The Ethics of Robotics: A Discussion with Andre Mandarino
Robotics. The idea of man-made machines that need not be controlled by mankind itself. The thought has mystified us since the Renaissance. However, with the advent of computers, they have become a reality. Andre Mandarino is a participant in NC FIRST, a non-profit group that encourages young people to learn about STEM (science, technology, engineering, and math) through robotics. Radio Camper Noah Barton interviewed him about the Ethics of Robotics.
Andre approached me on a Wednesday morning on the Campus of Wake Forest, with an inquisitive and friendly manner. We sat down at a patio table, and I asked him his opinion on the future of robotics and the ethics that surround them.
With ethics and robotics, there’s going to be a fine line that somebody’s going to cross one day, where somebody is going to kill someone else’s robot, or destroy [it]. I mean, depending on how you look at it, you can kill a robot [or] you can destroy a robot. Both mean the same thing to whoever created it or whoever has an attachment to it. I want to think that human ethics should go along with robotic ethics if they’re sentient.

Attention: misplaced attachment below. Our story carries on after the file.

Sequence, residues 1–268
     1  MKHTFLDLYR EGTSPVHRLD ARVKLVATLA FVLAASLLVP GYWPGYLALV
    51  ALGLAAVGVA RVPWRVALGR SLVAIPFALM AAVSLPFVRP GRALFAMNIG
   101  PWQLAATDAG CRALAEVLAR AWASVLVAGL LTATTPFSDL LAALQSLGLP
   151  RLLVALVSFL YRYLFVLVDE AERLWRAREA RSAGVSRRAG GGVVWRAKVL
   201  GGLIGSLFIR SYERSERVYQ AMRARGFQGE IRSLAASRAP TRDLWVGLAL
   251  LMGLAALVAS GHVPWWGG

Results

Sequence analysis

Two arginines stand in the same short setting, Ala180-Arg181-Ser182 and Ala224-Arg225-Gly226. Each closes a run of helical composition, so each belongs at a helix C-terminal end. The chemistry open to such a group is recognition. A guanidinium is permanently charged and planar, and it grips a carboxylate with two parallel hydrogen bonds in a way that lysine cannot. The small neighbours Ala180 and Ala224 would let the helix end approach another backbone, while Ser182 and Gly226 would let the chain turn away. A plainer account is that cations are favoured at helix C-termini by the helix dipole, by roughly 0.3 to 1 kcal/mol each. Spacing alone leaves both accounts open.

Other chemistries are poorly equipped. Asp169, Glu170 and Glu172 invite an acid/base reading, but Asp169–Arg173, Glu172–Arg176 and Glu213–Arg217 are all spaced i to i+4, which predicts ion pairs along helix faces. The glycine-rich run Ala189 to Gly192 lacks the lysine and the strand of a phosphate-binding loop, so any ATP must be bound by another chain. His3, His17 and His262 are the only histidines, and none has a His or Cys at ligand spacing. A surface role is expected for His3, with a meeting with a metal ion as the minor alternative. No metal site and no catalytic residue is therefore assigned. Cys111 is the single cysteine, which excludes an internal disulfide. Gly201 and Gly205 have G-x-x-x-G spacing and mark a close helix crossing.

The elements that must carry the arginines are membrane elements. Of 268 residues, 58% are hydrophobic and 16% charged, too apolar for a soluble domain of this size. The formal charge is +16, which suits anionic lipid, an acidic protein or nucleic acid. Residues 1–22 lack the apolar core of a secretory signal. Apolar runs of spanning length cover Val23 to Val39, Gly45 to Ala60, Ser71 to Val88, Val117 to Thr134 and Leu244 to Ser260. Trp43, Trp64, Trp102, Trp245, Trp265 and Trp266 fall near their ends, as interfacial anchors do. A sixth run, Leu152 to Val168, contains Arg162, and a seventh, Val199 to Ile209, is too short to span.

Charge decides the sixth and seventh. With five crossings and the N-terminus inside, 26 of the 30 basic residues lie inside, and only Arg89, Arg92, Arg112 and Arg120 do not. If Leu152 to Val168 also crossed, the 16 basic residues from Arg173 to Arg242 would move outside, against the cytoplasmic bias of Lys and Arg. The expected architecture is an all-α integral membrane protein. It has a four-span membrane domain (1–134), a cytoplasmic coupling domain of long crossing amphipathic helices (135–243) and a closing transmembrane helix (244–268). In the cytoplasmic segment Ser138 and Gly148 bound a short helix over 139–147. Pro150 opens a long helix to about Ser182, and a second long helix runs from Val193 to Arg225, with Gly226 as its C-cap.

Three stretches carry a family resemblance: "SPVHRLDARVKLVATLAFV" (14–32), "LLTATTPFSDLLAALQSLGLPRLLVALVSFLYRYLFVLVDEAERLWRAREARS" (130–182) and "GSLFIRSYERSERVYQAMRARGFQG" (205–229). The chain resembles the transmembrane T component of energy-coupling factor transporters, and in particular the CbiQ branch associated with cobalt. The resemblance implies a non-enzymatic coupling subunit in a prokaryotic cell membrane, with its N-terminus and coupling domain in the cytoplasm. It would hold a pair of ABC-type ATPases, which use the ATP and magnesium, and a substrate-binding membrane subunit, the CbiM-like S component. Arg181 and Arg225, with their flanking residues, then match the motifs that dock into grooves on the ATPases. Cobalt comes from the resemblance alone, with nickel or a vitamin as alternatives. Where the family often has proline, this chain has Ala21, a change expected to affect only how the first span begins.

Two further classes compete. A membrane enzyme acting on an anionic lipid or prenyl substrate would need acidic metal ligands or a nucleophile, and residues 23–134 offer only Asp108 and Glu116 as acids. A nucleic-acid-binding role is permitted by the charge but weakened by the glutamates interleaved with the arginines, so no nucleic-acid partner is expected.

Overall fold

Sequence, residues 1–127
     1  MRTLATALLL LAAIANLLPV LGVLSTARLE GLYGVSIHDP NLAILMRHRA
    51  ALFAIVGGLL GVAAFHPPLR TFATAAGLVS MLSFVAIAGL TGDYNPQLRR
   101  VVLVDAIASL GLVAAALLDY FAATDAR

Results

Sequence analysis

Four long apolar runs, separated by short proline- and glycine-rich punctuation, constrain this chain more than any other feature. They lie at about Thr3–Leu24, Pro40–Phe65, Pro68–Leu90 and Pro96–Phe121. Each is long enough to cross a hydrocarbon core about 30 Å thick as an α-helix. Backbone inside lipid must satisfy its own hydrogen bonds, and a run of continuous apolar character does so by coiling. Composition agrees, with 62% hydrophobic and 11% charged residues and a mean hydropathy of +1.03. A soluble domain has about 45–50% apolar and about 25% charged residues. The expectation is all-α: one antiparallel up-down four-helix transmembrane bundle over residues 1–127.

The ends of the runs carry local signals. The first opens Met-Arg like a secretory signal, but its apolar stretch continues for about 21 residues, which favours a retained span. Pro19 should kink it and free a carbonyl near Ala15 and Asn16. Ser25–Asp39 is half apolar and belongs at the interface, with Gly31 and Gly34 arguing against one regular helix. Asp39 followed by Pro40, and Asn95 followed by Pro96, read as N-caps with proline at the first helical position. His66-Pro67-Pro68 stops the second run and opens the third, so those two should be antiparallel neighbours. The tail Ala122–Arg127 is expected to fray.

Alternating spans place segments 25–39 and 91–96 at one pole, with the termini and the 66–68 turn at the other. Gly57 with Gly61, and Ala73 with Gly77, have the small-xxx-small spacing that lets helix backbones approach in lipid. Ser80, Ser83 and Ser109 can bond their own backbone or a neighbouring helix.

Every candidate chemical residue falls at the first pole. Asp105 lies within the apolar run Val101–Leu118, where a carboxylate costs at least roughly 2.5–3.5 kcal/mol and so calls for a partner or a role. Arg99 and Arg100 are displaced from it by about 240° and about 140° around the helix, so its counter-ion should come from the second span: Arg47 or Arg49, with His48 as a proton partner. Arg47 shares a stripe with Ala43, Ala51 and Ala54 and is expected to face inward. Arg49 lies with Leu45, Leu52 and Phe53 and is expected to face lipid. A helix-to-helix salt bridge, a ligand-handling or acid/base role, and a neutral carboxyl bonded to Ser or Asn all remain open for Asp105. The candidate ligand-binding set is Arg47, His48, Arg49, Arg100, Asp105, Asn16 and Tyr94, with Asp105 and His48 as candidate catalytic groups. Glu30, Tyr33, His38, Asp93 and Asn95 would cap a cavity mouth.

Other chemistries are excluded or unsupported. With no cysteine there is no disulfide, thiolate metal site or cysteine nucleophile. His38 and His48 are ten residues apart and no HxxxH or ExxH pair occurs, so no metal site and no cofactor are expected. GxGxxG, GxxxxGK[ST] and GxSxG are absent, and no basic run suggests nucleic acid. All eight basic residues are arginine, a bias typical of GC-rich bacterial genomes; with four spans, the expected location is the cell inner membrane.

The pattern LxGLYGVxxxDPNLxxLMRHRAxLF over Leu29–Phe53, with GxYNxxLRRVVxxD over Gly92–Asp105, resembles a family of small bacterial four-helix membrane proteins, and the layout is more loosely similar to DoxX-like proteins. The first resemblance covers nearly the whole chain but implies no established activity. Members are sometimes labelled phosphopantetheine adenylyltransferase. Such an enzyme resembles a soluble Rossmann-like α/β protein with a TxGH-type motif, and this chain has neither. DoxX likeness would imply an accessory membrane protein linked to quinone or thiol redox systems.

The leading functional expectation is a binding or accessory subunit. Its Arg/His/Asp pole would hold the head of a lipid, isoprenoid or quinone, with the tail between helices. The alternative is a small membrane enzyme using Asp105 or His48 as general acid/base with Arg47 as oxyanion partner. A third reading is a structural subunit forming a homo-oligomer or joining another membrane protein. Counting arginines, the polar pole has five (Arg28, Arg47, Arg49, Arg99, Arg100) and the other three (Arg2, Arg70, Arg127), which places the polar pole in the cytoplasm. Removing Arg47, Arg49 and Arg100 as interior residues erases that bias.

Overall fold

Ideas stirring in our minds, Andre and I touched on the topic of conflict between people over ideas applying to Robotics, as well as the difficulty of recognizing whether someone was a robot or not.
My first thought on this was Battlestar Galactica and the cylons, and they kind of have, like, an issue where they’re not sure who’s a cylon and who’s a human. There’s conflict between the crew with what they should do with the cylons. And I feel like that might happen if robots were to become sentient.
What do you think about topics like this? If you’d like to learn more about Andre, go to his NC FIRST team’s webpage at team1533.org. To learn more about NC FIRST and its yearly competitions, go to ncfirstrobotics.org.
For 88.5 WFDD Radio Camp, I’m Noah Barton.